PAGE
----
A Grand Landmark Returns to Glory
Mar30

A Grand Landmark Returns to Glory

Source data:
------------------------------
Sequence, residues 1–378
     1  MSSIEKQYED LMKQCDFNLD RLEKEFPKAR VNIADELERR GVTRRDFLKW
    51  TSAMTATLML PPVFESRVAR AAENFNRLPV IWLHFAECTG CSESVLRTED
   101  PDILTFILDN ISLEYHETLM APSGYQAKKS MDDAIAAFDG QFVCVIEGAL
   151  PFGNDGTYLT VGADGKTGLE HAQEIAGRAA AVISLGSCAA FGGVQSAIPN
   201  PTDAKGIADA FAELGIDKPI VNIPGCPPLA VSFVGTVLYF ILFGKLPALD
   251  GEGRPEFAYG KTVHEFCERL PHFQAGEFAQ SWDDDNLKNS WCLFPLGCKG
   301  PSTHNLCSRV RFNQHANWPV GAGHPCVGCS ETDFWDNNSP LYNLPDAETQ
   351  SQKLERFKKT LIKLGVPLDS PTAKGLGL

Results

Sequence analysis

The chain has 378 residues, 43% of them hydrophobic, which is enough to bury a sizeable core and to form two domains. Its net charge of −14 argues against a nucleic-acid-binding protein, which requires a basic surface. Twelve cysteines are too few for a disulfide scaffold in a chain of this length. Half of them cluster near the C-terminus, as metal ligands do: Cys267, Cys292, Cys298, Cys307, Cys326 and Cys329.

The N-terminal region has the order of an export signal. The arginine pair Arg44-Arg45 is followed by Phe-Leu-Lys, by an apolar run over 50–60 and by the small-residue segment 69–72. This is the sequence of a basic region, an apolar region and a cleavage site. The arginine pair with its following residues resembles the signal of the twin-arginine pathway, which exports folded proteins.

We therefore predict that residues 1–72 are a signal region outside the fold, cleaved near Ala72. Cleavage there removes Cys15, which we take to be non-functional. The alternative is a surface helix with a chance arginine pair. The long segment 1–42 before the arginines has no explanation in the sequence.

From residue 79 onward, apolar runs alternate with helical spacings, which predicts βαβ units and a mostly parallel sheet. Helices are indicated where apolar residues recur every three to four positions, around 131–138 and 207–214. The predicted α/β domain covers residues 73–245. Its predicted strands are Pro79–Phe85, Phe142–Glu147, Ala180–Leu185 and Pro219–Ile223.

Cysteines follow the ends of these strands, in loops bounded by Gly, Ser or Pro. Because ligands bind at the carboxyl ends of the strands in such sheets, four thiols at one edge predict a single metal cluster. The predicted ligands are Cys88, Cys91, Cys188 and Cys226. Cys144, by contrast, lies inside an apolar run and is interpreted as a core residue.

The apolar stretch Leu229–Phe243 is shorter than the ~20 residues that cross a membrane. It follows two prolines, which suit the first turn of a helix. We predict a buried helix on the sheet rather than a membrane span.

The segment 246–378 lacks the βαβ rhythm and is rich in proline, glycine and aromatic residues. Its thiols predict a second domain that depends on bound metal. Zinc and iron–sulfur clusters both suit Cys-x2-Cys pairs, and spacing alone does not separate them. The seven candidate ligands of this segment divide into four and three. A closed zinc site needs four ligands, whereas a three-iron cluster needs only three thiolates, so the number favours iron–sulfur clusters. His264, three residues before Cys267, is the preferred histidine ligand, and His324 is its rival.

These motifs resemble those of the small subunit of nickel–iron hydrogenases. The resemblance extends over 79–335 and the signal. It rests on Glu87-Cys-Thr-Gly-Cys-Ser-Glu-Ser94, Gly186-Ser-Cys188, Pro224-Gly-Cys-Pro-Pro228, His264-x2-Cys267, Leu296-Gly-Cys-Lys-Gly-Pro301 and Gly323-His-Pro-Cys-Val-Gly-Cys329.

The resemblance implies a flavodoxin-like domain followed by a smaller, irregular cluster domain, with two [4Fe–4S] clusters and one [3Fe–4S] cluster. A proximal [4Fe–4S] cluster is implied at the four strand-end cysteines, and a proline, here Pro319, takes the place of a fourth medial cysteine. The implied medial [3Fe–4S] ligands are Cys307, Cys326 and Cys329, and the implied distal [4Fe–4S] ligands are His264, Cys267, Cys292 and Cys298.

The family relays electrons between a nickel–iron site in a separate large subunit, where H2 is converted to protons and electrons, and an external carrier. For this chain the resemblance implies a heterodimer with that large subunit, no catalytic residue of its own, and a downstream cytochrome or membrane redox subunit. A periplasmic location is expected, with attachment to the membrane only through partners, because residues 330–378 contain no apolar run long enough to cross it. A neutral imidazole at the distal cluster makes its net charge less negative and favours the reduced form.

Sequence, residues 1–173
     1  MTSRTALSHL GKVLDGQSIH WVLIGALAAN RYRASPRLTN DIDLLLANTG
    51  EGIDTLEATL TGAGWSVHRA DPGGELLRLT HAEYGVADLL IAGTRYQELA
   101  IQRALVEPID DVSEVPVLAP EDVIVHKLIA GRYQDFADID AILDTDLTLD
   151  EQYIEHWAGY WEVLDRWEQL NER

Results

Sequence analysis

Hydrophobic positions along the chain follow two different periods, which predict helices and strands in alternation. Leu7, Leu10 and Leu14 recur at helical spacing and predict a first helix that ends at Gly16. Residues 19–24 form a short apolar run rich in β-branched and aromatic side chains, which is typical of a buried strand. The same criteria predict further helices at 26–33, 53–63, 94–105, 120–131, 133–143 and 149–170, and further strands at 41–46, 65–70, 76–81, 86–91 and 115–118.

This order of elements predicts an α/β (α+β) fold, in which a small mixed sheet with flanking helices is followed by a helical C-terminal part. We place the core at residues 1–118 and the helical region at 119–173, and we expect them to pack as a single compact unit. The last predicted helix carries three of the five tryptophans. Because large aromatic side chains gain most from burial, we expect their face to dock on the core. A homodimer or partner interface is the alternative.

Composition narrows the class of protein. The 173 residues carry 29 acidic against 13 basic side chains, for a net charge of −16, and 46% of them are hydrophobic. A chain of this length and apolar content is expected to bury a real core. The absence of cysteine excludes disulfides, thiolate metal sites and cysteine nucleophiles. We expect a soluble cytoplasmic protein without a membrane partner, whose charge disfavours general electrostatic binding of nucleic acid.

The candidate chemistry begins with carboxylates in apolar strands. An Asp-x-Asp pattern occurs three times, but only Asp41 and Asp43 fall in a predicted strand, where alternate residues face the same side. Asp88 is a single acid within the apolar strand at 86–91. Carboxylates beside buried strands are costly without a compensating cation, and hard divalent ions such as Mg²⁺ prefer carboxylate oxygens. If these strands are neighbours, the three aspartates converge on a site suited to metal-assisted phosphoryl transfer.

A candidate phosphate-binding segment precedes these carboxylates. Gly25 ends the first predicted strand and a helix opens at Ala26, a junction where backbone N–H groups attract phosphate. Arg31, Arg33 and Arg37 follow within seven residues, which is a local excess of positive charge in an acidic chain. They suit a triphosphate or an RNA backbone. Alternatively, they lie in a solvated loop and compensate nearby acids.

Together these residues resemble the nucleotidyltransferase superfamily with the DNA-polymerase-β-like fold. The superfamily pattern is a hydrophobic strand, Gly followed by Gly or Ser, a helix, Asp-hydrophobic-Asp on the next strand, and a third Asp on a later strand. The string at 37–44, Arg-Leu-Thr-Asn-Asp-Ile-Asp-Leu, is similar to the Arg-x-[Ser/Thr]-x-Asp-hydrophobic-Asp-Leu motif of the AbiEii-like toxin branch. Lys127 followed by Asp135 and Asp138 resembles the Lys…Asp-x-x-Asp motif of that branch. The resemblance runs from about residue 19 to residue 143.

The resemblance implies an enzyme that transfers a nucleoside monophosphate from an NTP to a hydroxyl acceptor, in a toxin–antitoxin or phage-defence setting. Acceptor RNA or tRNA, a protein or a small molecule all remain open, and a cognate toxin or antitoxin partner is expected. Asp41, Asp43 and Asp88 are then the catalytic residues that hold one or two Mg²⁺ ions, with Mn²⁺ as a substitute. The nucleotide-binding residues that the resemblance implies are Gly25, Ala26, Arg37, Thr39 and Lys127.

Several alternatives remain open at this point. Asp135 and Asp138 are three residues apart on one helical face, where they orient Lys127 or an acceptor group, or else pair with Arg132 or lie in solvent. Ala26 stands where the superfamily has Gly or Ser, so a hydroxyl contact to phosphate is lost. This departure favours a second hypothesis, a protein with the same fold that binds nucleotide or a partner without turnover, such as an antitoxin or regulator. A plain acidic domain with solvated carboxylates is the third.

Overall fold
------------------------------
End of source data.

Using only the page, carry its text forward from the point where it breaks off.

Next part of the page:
My love for old buildings started at a young age. One of my earliest real estate crushes was the Indiana Hotel building, attached to the Embassy Theatre downtown. Looking up into the rows of windows framed by limestone façade, I imaged the grand guests who once stayed inside. I envisioned glamorous ladies dressing for dinner – styling their hair, adorning themselves with sparkling baubles, and gracefully sashaying down the halls. I imagined what it would’ve been like to sleep there in the hotel’s heyday. How did they heat the rooms? Did they share bathrooms? Did any famous people spend the night? A few years later, I got to know the building even better. I had the privilege to perform on the Embassy stage dozens of times. Back then, the backstage hallways were painted with murals and covered with autographs and fading head shots from past performers. The cramped dressing rooms had faded carpet and peeling paint. But backstage passageways offered plenty to explore and imagine. As we waited for our turn at recitals and dress rehearsals, we’d play hide-and-seek down the halls and tell ghost stories in the Embassy’s ornate, expansive bathrooms. My attachment for the Embassy and Indiana Hotel building was partially inherited. In the ’70s, my dad and uncle donated their time and professional skills to return the Embassy to its former glory. My dad would point out the decorative molding and ceiling designs. “You see that,” he’d say. “That’s gold leaf paint. It has tiny bits of actual gold in it.” (My dad has always known EXACTLY what kind of information would thrill me.) As a kid, it was hard for me to imagine that such a captivating architectural treasure – the Indiana Hotel – sat empty, collecting cobwebs instead of hosting guests. I told myself that someday, I wanted to buy it and turn it back into a posh hotel, a quirky shopping mall or a complex of studio apartments. Back then I didn’t grasp the kind of expenses such an endeavor would entail. But happily, I don’t have to worry about what will become of the historic structure. Today, the Embassy will unveil recently completed renovations to the Indiana Hotel. The two-year renovation project included the addition of a rooftop patio, a two-story ballroom, rehearsal and classroom spaces and new administrative offices. The $10-million project included the removal of a wall separating the Embassy Theatre and Indiana Hotel spaces, and made way for a mezzanine lounge, theater bars, concessions, new dressing rooms, an updated box office and a heritage center. The project started with the construction of the downtown Courtyard Marriot, says Barb Richards, Marketing Director at the Embassy Theatre. “[They] wanted to build in downtown Fort Wayne...

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